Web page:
June 1, 2016
Come and Rest?
Come to me, all who labor and are heavy laden,
and I will give you rest. Matthew 11:28
Vacation time approaches. For me, this means getting to rest my weary soul and spirit in a pew, to hear the teaching of another shepherd, and to feast on the sacrament consecrated by another pastor. Truth be told, I get to rest here every Sunday. Although it seems I am “working”, I join all the worshipers in confessing my sins, receiving absolution, praying and praising, and even hearing the sermon, which the Lord has given us from His Word. (Pastors preach first to themselves.) So, whether I am at the pulpit or in the pew, it’s all rest for my soul.
That is why King David expressed such high praise for celebrating the rest that is found in the presence of the Lord’s house: I was glad when they said to me, “Let us go to the house of the Lord! Psalm 122:1; This is the day that the Lord has made; let us rejoice and be glad in it. Psalm 118:24. The time in the Lord’s House on the Lord’s Day is for rejoicing, renewing, refreshing and rest. Jesus Himself worshipped in the synagogue regularly on the Lord’s Day and found rest in His times for prayer.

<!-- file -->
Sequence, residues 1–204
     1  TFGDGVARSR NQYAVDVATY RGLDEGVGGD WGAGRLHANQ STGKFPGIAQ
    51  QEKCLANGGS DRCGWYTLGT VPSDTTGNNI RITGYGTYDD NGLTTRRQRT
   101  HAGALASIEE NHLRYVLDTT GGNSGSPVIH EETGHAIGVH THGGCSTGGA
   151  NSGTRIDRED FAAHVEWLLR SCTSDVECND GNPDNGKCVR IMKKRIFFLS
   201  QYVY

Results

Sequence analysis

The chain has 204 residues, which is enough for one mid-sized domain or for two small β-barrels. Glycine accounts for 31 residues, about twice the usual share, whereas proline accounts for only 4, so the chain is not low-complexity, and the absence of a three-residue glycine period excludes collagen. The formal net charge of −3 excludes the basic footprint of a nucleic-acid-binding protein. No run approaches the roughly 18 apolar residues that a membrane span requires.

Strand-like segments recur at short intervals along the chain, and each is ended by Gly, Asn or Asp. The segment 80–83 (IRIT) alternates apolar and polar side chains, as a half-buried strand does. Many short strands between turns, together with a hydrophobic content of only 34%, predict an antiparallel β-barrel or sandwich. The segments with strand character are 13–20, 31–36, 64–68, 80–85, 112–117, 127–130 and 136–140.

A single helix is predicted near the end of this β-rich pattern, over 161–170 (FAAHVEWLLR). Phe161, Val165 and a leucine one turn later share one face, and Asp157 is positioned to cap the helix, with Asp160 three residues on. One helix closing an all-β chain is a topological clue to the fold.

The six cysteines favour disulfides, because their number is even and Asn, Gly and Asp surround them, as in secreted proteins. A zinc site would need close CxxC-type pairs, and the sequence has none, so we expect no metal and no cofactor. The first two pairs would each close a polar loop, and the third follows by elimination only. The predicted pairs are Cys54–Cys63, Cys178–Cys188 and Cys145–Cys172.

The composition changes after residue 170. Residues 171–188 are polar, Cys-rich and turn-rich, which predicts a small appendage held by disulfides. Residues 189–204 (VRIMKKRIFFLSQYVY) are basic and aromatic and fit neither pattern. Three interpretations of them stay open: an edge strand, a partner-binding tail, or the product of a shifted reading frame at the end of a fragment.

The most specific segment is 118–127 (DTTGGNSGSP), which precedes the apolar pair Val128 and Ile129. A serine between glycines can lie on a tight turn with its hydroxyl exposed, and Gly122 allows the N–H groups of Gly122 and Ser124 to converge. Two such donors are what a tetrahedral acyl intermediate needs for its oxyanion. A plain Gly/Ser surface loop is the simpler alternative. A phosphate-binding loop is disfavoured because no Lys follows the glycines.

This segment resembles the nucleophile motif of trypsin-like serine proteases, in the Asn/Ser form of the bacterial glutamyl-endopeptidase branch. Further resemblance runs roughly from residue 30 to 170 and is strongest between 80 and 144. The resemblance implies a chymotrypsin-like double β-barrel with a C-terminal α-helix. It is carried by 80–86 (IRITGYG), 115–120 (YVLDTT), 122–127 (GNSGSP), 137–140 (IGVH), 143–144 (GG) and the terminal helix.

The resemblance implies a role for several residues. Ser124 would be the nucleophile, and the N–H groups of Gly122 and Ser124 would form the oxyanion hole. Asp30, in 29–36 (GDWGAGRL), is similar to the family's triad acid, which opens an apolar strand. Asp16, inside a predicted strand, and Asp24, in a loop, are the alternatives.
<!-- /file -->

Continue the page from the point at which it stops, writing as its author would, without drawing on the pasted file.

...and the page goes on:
So it is to me somewhat confusing and sad whenever people consider worship as a chore, obligation, or merely as a requirement to be considered “good Christians”. It’s always good to be in the Lord’s House, but if they are present only because they are assigned a “job” that Sunday, they are missing the joy of God’s unmerited grace. We all can serve on some Sundays, but every Sunday is a day for our Lord to serve us His gifts. When we can come away from the world’s pressures and enter into the fellowship of Christ and our Christian family we can be better equipped and strengthened to serve His love and grace throughout the week.
Jesus said that He came “not to be served, but to serve, and give His life as a ransom” for us. He did that on the cross, and invites us to remember often what He has done and to grow in the knowledge of His grace and how to live that out in this world. He must have known this was something we need from Him, or he would have never said, “come and rest.”